“Every party has a pooper that’s why we invited you!”

No, I’ve never been a fan of Judd Apatow comedies like Funny People & Knocked Up, but I promise I went into the theater to see Bridesmaids with an open mind.  Unfortunately I couldn’t see it early because of scheduling conflicts, so by the time I went on opening day (5/15/11), I already knew that my fellow feminists had made it a big test case for women’s box office power.  Dutifully I went; I voted with my purse, genuinely hoping for the best…

Alas, what I saw was a “kitchen sink movie” — the kind of film that throws everything at the wall hoping something/anything will stick: excrement jokes & fat jokes & cat fights for the guys; fancy dresses & romantic entanglements for the gals; social significance for my fellow film critics.  But the plot details, strung together like this, make no sense.

The lead character is “Annie” (played by co-writer & Saturday Night Live regular Kristen Wiig).  As the film opens, Annie has reached a low point.  Her lifetime dream was to open a small bakery, but she’s been crushed by the economic downturn (social significance!).  Now she’s deeply in debt, working at a tedious sales job, & sharing an awful apartment with creepy roommates (fat jokes!).  Somehow she’s convinced herself that she’s in a viable relationship with an extremely wealthy & very handsome guy named “Ted” (John Hamm), but he treats her like s%$t (romantic entanglements AND social significance!).

Then, just to make sure there’s a cherry on top of this disaster sundae, “Lillian” (Maya Rudolph) arrives flashing a new engagement ring.  Will Annie be her Maid of Honor?  Before you can say “Best Friends Forever,” Annie, Lillian, & four more mismatched women are standing on the all-white carpet of a deluxe bridal boutique debating gorgeous gowns when stomachs start to rumble just in time for a food poisoning trifecta: excrement jokes, fat jokes & fancy dresses!!!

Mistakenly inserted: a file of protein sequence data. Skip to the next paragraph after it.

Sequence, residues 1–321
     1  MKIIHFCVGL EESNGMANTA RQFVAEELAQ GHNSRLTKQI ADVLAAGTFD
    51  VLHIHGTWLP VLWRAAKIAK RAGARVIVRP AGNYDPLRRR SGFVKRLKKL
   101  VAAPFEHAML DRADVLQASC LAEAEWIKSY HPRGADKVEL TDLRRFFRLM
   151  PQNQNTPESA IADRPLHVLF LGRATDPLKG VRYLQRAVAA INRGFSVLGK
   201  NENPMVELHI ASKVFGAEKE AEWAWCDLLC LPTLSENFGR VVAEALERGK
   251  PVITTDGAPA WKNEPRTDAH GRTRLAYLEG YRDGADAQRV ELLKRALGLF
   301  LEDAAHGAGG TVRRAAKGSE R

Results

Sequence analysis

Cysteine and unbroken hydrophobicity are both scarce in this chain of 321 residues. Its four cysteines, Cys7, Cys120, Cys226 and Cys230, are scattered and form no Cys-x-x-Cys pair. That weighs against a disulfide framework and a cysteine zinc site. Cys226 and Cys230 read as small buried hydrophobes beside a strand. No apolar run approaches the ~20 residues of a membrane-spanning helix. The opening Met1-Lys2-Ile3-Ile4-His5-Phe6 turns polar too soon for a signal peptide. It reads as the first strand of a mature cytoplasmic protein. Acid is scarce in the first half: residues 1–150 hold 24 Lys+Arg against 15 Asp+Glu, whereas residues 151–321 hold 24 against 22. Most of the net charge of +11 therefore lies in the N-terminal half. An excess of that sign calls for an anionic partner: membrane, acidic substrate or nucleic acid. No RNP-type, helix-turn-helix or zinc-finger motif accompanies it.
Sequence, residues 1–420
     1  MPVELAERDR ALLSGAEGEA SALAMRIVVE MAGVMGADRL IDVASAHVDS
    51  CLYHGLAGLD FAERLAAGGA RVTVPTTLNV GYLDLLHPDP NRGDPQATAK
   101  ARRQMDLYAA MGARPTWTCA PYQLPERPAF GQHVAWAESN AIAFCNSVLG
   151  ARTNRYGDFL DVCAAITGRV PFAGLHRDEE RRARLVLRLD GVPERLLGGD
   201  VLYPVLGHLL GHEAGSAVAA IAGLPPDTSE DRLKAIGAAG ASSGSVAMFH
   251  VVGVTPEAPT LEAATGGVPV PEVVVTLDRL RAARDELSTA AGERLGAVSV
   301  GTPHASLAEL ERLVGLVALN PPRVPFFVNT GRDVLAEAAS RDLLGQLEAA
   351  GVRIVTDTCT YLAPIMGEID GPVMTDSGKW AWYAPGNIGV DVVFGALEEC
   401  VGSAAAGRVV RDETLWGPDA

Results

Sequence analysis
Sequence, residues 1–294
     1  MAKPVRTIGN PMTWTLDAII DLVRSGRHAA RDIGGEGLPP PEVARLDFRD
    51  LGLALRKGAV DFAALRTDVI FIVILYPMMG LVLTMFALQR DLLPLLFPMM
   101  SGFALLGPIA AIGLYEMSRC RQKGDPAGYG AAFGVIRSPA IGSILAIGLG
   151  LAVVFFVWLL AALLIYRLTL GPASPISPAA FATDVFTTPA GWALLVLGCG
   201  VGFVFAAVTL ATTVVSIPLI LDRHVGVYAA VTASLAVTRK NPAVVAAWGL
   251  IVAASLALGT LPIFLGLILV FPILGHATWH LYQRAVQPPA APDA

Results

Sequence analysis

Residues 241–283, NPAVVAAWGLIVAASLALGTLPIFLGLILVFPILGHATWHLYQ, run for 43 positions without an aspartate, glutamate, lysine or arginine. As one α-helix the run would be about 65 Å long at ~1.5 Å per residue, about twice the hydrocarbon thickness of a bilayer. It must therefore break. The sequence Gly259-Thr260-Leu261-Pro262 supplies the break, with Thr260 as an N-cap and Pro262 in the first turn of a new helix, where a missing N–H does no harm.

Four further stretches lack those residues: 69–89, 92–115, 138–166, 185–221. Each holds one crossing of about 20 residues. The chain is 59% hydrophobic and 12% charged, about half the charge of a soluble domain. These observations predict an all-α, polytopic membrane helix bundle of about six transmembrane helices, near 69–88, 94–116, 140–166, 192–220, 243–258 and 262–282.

My problem is that I never believed in the central relationship.  Rudolph has almost no screen time & her Lillian is never more than a plot ploy.  Most of Annie’s scenes are actually with “Helen” (Rose Byrne), a new person in Lillian’s life who’s desperate to usurp Annie.  There’s some mumbo jumbo about Helen’s background.  Supposedly she’s the wife of the groom’s boss, but we never see either of these guys.  We have no idea what the groom does.  We don’t even have any idea what the bride does.  Obviously the only thing we need to know is that Helen is very rich & seems to have nothing better to do with either her time or her money than to lavish it all on Lillian.  Well, of course: if there’s no Helen, then who will supply the fancy dresses… & cat fights?

And this goes on & on for over two hours (it has to be longer than a typical comedy so there’s time to throw in more romantic entanglements with pseudo-social significance), & I am so bored.  Midway through, Mr. Perfect arrives for his Meet Cute (Chris O’Dowd playing a cop named “Rhodes” with a charming but totally mysterious Irish accent), & I know exactly how all this will end.  Thankfully, eventually, at long last, it finally does.

A few questions:

1.) How much time has passed from the first scene to the last?  It takes a long time to plan a big wedding (& you usually have to reserve the space way in advance), but no matter how many times Annie drives from Milwaukee to Chicago & back, there’s never any snow!

2.) What’s Lillian doing in Chicago anyway & why does she still have an apartment in Milwaukee?

3.) If Annie can’t pay her rent, where does she get the money to buy her ticket to Las Vegas?  (Memo to Helen: Yes, Coach tickets do cost less than First Class tickets, but they still cost something, right?)

I could go on & on, but the very fact that all these minor details bothered me proves that I was never fully engaged in what I was watching.  I left the theater heavy with sadness: We lost the great Jill Clayburgh in November 2010, & now & forever, Clayburgh’s last IMDb credit will be “Annie’s Mom.”  She doesn’t even get a name!  And that speaks volumes about what Hollywood really thinks of women these days 🙁

Photo Credit: Suzanne Hanover – © 2011 Universal Studios.


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